Johnson City Press Wednesday, July 30, 2014

Community

New Timberlake Church taking nontraditional path

October 21st, 2011 10:52 pm by Madison Mathews

New Timberlake Church taking nontraditional path

When people ask Brian Hollaway why he pastors a church that meets in a barn, he has a simple answer.
“Well, Jesus was born in a manger, so we can preach about him in a barn,” he said with a smile.
Hollaway, an avid outdoorsman and former professional archer with two national championship titles under his belt, is the pastor of Timberlake Church, a new church plant in the Boones Creek area that focuses on bringing what Hollaway calls a passion-driven approach to church.
“What that simply means is whatever you enjoy doing — mountain biking, hiking, kayaking, we’ve got a guy that builds RC airplanes — we use that for God’s glory,” he said.
Hollaway believes whatever subject a person is passionate about can be used as a way to reach out to other people. That very belief is practiced in Hollaway’s Non-Typical Ministries, an outreach that caters to folks who enjoy everything from hunting to archery.
It’s also a belief that led to the creation of Timberlake Church.
“In today’s society people want to feel it and see it. I think they’re tired of going to church ... and they’re just going through the motions. There’s no passion. There’s no excitement about it. And that’s what we are,” he said.
Before starting Timberlake, Hollaway, a native of Butler, pastored Mountain View Church in Johnson City for six years. While there, Hollaway said he felt God was leading him on a different path — a path that would open up church to people who might have felt uncomfortable in a typical Sunday morning atmosphere.
But since there’s nothing typical about the church, Timberlake’s short history — the church has only been around for about a year and a half — is a little more colorful than other churches in the area.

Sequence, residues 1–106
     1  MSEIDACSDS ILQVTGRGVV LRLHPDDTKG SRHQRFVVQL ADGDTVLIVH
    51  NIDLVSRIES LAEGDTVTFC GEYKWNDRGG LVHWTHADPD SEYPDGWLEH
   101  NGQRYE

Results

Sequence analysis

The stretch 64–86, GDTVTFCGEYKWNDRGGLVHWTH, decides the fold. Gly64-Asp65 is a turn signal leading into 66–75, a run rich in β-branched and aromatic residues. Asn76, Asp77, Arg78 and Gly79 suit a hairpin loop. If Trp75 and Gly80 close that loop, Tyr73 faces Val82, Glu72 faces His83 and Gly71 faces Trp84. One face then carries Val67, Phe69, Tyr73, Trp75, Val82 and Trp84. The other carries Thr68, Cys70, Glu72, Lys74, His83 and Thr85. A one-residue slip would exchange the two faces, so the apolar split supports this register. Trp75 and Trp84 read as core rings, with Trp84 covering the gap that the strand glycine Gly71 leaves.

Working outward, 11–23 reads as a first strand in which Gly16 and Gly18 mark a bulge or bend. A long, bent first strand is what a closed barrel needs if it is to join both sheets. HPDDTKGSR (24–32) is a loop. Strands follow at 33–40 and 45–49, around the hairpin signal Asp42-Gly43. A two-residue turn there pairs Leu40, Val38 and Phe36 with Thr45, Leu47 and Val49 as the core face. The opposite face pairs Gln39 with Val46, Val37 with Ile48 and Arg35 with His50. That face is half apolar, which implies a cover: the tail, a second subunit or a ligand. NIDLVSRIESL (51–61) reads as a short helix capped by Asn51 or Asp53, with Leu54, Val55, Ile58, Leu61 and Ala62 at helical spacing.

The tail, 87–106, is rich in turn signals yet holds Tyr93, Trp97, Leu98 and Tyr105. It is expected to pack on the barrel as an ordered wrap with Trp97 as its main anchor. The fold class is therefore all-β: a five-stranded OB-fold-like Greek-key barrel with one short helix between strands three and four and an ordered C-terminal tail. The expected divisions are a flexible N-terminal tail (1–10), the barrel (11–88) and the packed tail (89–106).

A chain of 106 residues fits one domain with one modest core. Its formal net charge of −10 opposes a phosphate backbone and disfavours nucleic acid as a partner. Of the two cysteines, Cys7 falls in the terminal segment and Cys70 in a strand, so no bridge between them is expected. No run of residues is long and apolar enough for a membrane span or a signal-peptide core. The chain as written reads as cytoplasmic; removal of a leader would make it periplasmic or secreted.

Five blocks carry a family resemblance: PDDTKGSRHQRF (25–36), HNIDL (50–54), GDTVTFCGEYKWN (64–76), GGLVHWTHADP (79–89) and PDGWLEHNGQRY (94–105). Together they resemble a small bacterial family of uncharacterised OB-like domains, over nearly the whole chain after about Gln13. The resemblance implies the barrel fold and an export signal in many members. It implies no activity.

The congregation of Timberlake first began meeting, or tried to meet, in a funeral home during its early days. Hollaway said people were somewhat apprehensive to attend church in such a place.
“We found out the living have a lot of anxieties against funeral homes, so it was hard to get people to go to the funeral home,” he said with a laugh.
Shortly after leaving the idea of the funeral home behind, Tammy and Tommy Brotherton, owners of the Barn at Boone Falls event venue in Gray, opened the barn up for Timberlake’s services.
The building might not have stained glass windows or a steeple on its roof, but every Sunday, the barn is transformed into a church. The congregation of about 60 people meets inside the barn, where they drag out folding chairs and worship like any other congregation would.
The laid-back atmosphere is something that fits with the church’s focus on the outdoors, and meeting in a barn certainly doesn’t hurt either. In fact, Hollaway believes Christianity and a love for the outdoors are synonymous, which is what brings churchgoers of all types into Timberlake’s congregation.
“What we do is try to bring the two together. They can come here into this outdoor-type setting and have church and then throughout the week, they can do their Bible studies around their passion, their activities, and they can invite others, because that’s what church is about is inviting others,” he said.
Timberlake will host an open house today from noon to 9 p.m. at the Barn, located at 1770 Old Gray Station Road, to promote the venue space and the church. There will be food, activities and gospel music throughout the day.
On Oct. 30, the church will hold a trunk-or-treat event for children, in addition to holding weekly Zumba classes at the barn every Tuesday at 6:30 p.m.
For more on the church, visit the church’s page on www.facebook.com or email Hollaway at brian@nontypicalministries.com. To learn more about Hollaway’s ministry, visit www.nontypicalministries.com.


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